In Japan today, there are reports of lawyers having difficulty in finding employment and of university law school closures. The root cause of these problems appears to be the failure to consider matters from multifaceted perspectives. When importing foreign systems and policies from other countries, we should consider matters in a multifaceted manner and contemplate them thoroughly before deciding on the advisability of their introduction.
The Progressive Internationalization of Universities in Response to Social Change
— Just one more question: what are your thoughts on the internationalization of universities as public institutions?
Japan is entering a period of population decline, so the number of prospective university applicants is also expected to fall. From the perspective of supply and demand, demand (the number of entrance examination candidates) is going to decrease, so universities might fall below quota unless they reduce supply (the number of places available). If the admission quota is not reduced, their only option will be to increase the number of international students from other countries or the number of mature students admitted. Moreover, if the domestic market shrinks due to population decline, people will be compelled to look for work abroad, so Japanese people will need better foreign language skills. As such, I believe that universities are correct to promote internationalization.
However, the problem is the speed of those efforts. To promote internationalization, the government is calling for an expansion in the proportion of international students and teaching staff with experience of education and research overseas. It seems that the government regards US universities as a role model for internationalization, but the quality of education and research at American universities is high and graduates of leading universities are virtually guaranteed to find a place of employment where the pay is commensurate with the tuition fees that they have paid. As a result, international students flock there from across the globe. If we ignore this causal relationship and push too hard for an increase in the number of international students, there is a strong possibility that we will attract those with little academic ability, who were unable to get into a Western university. Moreover, if we try to force an increase in the number of lecturers with experience of education and research in other countries, we risk prioritizing linguistic ability above research, resulting in a rise in the number of lecturers with little research ability.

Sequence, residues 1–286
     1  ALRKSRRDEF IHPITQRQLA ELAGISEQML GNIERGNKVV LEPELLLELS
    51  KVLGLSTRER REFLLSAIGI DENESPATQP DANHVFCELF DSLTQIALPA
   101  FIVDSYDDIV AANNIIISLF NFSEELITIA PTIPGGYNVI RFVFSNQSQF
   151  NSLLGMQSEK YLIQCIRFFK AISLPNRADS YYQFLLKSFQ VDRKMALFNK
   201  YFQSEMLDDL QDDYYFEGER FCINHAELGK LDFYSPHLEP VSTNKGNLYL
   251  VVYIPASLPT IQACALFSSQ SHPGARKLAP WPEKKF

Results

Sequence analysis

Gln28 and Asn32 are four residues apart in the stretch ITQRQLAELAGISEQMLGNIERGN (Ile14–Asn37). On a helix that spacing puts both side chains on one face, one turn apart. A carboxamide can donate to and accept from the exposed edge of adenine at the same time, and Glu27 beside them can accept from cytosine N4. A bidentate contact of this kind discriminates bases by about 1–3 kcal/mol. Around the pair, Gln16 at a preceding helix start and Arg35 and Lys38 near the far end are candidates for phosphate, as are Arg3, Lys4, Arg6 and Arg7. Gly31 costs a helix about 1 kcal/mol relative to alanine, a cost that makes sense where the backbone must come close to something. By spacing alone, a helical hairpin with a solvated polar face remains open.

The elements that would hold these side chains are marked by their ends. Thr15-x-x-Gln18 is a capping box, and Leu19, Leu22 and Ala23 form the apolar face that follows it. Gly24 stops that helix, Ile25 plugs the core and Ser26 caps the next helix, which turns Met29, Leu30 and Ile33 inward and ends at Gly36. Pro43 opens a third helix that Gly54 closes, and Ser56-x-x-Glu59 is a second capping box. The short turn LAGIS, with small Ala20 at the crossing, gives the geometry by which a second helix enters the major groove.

The internationalization of universities should be undertaken gradually, paying careful attention to the risk of reducing the quality of education and research. University internationalization should not be rushed through; rather, I believe that it should be undertaken at about the same pace as social change, or just one step ahead of it. I think that it is vital to consider the effects from multifaceted perspectives and adopt well-balanced policies.
* The information contained herein is current as of February 2015.
* The contents of articles on M’s Opinion are based on the personal ideas and opinions of the author and do not indicate the official opinion of Meiji University.
Information noted in the articles and videos, such as positions and affiliations, are current at the time of production.